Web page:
Celebrating Native American Heritage Month
By Kendra Germany-Wall
November 1, 2021
Every November is recognized as National Native American Heritage Month.
This month’s issue of the Biskinik is dedicated to the accomplishments and successes of Choctaw tribal members around the world. In this issue, we will spotlight only a few of the thousands of Choctaws who are making a positive change in the world and living out their dreams.
Native American Heritage Month is a time to celebrate Native cultural heritage and educate others of tribal history.
Native American Heritage Month began as a week-long celebration during November 23–30, 1986. In 1990, a joint resolution was approved by President George H.W. Bush, which called for November to be named National American Indian Heritage Month. Similar proclamations have been issued by every president since 1994, designating the entire month of November as National Native American Heritage Month.
The month is a time to celebrate rich and diverse cultures, traditions and histories and to acknowledge the important contributions of Native people.
There are more than 570 federally recognized tribes in the United States, and Oklahoma itself is home to 39 federally recognized sovereign nations.
Native culture, traditions and language are intertwined into the fabric of life in America.
Native American Heritage Month is also an opportune time to educate the public about tribes and raise general awareness about Indigenous people’s unique challenges throughout history.
It is also a time to celebrate how Native Americans have worked to conquer these challenges.
One way to celebrate Native American Heritage Month is to be a cultural keeper.
According to Choctaw Cultural Services, culture keepers are those who carry traditional knowledge, teachings, and stories and share them with the community to ensure cultural continuity.
Another vital factor in preserving culture is protecting Native languages.
“When our ancestors began interacting with European and American settlers, we learned to speak their languages in order to be successful in trade and government relations. Over time, fewer and fewer people spoke Choctaw fluently. Our children were even forbidden from speaking their native language in schools and in some Choctaw homes,” explained Gary Batton, Chief of the Choctaw Nation of Oklahoma. “Today, we are strengthening our language through the Anumpa Aiikhvna school. Our language experts and fluent speakers teach the Choctaw language to students in communities and public schools across our reservation.”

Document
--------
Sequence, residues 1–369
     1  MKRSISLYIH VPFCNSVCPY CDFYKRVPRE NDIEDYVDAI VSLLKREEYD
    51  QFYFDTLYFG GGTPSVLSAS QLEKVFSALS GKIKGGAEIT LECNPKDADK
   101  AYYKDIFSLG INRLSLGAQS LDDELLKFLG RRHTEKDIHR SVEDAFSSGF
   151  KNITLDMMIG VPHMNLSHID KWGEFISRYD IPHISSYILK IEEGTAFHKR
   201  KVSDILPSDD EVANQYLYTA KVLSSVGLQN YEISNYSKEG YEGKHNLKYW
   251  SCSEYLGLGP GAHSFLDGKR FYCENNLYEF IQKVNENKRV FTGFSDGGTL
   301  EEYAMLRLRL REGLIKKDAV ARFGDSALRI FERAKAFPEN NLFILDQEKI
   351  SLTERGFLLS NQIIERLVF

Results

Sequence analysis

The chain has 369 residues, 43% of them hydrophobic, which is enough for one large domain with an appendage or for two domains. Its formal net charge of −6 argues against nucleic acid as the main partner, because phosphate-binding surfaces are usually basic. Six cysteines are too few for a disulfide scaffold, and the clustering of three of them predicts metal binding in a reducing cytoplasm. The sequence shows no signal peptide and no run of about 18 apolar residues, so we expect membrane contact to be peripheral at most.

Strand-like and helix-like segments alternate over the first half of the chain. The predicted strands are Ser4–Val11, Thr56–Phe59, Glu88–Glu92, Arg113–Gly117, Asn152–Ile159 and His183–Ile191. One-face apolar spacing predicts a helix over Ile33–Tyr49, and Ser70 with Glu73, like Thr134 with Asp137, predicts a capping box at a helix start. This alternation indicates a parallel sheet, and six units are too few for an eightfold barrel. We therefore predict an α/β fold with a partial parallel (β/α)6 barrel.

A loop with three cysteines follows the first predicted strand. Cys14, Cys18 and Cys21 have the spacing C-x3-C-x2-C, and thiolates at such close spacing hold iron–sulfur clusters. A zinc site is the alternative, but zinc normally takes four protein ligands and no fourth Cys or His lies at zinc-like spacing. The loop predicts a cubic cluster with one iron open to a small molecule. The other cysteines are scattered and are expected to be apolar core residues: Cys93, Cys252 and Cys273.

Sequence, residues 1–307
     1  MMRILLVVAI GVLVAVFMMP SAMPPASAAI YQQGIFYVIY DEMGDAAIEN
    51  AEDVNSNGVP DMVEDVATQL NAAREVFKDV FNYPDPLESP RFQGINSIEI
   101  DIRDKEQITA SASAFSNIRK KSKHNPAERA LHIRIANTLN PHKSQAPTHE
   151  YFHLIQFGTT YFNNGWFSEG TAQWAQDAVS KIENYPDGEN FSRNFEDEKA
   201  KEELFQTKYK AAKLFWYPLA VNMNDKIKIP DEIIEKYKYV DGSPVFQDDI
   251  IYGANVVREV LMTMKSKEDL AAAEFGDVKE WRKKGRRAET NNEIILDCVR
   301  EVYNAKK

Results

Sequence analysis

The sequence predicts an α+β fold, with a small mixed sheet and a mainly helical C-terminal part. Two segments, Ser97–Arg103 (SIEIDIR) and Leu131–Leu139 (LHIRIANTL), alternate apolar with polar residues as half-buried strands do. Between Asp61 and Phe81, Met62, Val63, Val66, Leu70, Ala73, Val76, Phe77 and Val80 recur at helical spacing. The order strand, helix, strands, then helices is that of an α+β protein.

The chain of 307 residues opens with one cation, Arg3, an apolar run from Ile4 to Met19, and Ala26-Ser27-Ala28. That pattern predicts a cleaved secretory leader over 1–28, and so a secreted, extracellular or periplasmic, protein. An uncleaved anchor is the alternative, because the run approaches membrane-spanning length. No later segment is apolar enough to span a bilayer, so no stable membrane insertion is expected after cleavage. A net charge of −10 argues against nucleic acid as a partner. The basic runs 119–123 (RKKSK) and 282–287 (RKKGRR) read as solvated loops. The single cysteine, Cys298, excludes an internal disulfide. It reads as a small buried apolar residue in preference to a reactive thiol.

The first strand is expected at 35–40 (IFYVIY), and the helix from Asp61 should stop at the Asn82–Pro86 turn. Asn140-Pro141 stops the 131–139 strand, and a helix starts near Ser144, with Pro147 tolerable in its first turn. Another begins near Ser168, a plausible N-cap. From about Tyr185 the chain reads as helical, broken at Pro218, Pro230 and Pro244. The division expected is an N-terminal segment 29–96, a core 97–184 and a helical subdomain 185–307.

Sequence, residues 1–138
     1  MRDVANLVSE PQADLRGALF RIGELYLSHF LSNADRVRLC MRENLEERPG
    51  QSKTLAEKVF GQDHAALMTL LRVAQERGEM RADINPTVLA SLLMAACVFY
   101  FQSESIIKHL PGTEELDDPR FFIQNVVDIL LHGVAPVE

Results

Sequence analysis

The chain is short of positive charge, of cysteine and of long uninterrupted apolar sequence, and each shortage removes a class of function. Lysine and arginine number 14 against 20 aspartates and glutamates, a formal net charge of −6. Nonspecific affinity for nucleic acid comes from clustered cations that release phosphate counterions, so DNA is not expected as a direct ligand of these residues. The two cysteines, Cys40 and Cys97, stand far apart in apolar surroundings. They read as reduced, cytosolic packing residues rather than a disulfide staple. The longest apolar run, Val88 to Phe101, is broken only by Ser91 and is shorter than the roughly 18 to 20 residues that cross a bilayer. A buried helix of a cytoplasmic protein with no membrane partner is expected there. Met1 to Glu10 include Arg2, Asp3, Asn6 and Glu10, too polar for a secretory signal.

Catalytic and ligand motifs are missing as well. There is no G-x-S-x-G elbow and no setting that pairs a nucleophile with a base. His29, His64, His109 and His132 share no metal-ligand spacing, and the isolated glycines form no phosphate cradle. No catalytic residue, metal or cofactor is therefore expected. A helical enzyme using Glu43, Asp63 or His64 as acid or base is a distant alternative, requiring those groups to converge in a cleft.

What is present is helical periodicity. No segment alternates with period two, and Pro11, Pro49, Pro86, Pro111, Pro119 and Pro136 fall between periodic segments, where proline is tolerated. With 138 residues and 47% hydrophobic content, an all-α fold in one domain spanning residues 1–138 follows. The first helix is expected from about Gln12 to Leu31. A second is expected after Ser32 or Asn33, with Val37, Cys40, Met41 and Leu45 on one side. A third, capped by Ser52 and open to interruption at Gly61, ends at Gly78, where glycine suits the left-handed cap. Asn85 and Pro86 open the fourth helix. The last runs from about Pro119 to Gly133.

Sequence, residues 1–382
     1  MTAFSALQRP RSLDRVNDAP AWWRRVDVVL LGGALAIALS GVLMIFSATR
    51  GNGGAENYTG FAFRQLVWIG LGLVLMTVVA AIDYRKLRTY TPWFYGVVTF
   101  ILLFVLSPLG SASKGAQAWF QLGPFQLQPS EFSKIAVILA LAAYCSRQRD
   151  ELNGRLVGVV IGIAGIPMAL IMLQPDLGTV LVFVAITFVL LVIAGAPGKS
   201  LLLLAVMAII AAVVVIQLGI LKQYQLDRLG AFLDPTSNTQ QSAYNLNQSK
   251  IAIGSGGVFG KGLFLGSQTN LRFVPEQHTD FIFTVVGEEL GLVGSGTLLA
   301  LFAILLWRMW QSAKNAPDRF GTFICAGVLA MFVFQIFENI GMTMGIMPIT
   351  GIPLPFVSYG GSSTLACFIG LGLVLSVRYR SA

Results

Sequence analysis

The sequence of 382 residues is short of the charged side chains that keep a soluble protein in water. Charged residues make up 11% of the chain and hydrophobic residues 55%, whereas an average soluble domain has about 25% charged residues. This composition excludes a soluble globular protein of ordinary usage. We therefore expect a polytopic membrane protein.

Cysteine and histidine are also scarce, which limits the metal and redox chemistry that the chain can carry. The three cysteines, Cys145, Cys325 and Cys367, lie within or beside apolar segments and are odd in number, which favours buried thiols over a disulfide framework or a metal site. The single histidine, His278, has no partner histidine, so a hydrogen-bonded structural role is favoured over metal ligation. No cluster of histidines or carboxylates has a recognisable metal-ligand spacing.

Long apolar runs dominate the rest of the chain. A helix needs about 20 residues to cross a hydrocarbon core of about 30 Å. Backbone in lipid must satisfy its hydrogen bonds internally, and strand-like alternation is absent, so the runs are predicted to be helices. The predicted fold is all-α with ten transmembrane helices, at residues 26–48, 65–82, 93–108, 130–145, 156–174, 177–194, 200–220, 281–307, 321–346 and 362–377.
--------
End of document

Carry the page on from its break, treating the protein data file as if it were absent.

The Choctaw Language Program started with three public schools during its pilot. Now, it employs 21 teachers and serves approximately 3,000 people weekly through its website, community classes, public schools, colleges, online classes, early childhood and elementary classes.
Chahta language is taught by distance learning, which allows the language instructor and students to interact in real-time. An estimated 1300 students are currently learning the Choctaw language daily through the 14 Head Start centers, two elementary classrooms and 42 Oklahoma public high schools served within the Choctaw Nation’s boundaries.
Classes are offered to college students enrolled at Carl Albert State College and Southeastern Oklahoma State University as well.
Community classes are available at 30 sites both within and outside of the boundaries of the Choctaw Nation. Community classes are free of charge and are open to the public.
Historian Curtis Billy states, “The language sets us apart from other tribes; we don’t want to lose our unique sounds and our emphasis. We want to be good stewards of our language to pass on to the next generation. The language is used to pass on our traditions and oral stories.”
You can also learn a bit about the Choctaw Language by reading the monthly language lesson in the Biskinik.
For more information about the School of Choctaw Language, visit choctawschool.com, or call 1-800-522-6170.
Choctaw cultural traditions and history are also preserved through the efforts of the Choctaw Nation’s Cultural Services department.
Services include classes for the community and tribal employees, educational presentations, storytelling, cultural exhibits and demonstrations, and educational and resource materials related to culture.
The Historic Preservation department also works to assist the Choctaw Nation of Oklahoma community in preserving its living heritage by protecting sacred sites and historic sites and aiding community efforts to maintain and revitalize Choctaw traditional culture.
Anyone interested in learning more about the history and culture of the Choctaw people should visit the Choctaw Cultural Center in Durant, Oklahoma.
The Choctaw Cultural Center is dedicated to exploring, preserving and highlighting the culture and history of the Choctaw people. The exhibits are immersive and told from the Choctaw perspective – honoring the physical and spiritual journey of the Choctaw people, or the “Chahta Nowvt Aya.” The Cultural Center includes over 100,000 square feet of rich, engaging exhibitions, a vast Living Village, classrooms, a theater, a café and a gift shop.
The Choctaw Cultural Center offers tours, classes, demonstrations and films on a daily basis. Hours of operation are Wednesday-Friday 10 a.m. through 5 p.m., Saturday 10 a.m. through 7 p.m., and Sunday 11 a.m. through 5 p.m. Site tours begin at 2 p.m. daily (or by request, based on educator availability).
The Choctaw Nation wants to know how you intend to celebrate Native American Heritage Month. Share your story by using #TogetherWereMore on social media or by visiting choctawnation.com/together-were-more.
For more ways to stay up to date on what is happening in the Choctaw Nation, visit choctawnation.com, or follow the Nation on all social media platforms.